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Labor unions

For decades labor unions have largely supported Democrat politicians — regardless of whether or not rank-and-file workers agreed with the party’s platform. At least in Pennsylvania, however, that may soon be changing. “We may have gotten too close to one party,” said Pennsylvania AFL-CIO President Rick Bloomingdale. Following the presidential election, Bloomingdale went on a “listening tour,” speaking with union members about their political priorities. Apparently, workers have a very different take on politics than the traditional partisan leanings of labor bosses. “I think we were speaking too much at them, rather than having conversations with them,” said Bloomingdale. (Read more)


Separation of powers

Ignoring a 2004 AG advisory opinion, a 1967 binding Nevada Supreme Court precedent and the plain language of the state constitution, District Judge James Russell dismissed NPRI’s lawsuit against State Senator Heidi Gansert for violating the state constitution’s separation of powers clause. NPRI’s Center for Justice and Constitutional Litigation Director Joseph Becker explained that “Judge Russell seemed determined to protect a member of the political class, irrespective of what the law says.” As an editorial in the Las Vegas Review-Journal remarked, “Never let it be said that the state’s political establishment doesn’t protect its own.” (Read more)



Remember when an unknown electric car start-up named Faraday Future promised to create thousands of jobs if Nevada would just extend a few hundred million dollars’ worth of tax abatements and credits? Well, Nevada lawmakers agreed, and 18 short months later the company has announced it is backing out of the deal. In a commentary for the Daily Signal, Nevada Treasurer Dan Schwartz points out that the failure of the incentive package shouldn’t come as a surprise. According to Schwartz, the Faraday saga is primarily “a story about a Legislature that was so eager to create jobs that it failed in its responsibilities to the citizens of Nevada.” (Read more)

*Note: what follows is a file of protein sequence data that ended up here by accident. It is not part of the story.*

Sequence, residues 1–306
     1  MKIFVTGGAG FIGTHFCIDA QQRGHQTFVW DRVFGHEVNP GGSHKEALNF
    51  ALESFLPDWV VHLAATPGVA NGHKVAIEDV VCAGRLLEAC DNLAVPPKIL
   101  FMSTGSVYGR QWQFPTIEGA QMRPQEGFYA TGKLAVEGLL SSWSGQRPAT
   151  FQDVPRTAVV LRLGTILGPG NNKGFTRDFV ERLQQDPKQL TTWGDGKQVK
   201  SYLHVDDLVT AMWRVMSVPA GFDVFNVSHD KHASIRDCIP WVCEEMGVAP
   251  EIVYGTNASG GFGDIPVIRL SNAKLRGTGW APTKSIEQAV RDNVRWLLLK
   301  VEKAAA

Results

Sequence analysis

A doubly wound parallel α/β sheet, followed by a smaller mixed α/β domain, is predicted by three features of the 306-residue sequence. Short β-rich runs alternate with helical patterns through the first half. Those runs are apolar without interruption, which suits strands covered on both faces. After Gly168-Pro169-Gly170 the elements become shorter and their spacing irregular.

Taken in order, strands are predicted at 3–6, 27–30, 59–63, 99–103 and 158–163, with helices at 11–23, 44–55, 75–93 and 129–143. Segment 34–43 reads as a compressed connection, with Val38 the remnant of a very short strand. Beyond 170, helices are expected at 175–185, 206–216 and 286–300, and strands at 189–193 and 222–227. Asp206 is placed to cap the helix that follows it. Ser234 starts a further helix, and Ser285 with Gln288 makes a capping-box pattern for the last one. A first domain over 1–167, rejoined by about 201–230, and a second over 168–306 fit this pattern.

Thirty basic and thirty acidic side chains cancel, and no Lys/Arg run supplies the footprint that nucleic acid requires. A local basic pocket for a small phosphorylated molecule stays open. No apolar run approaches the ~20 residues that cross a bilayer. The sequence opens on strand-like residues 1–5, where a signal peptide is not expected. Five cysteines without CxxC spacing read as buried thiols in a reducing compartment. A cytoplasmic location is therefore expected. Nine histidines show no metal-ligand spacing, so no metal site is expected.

Repealing President Obama’s Affordable Care Act is apparently easier said than done. Earlier this week in the Senate, a “repeal and replace” attempt — blasted by free-market advocates as merely a watered-down version of Obamacare — was rejected. Then an attempt to fully repeal Obamacare, without a replacement, failed 45-55. Finally, a last-ditch effort to repeal the bare bones of Obamacare — known as a “skinny” repeal — also failed when three Republican senators decided to vote with Democrats against the measure. (Read more)


Government waste and abuse

Apparently, getting fired for serious wrong-doing in governing jobs doesn’t have the same repercussions as it does in the private sector. According to an Inspector General report, of the 2,000 former IRS employees who were hired in 2015 and 2016, about 200 of them had previously been fired for serious offenses, including faking resumes, abusing taxpayer data and cheating on personal tax returns. (Read more)

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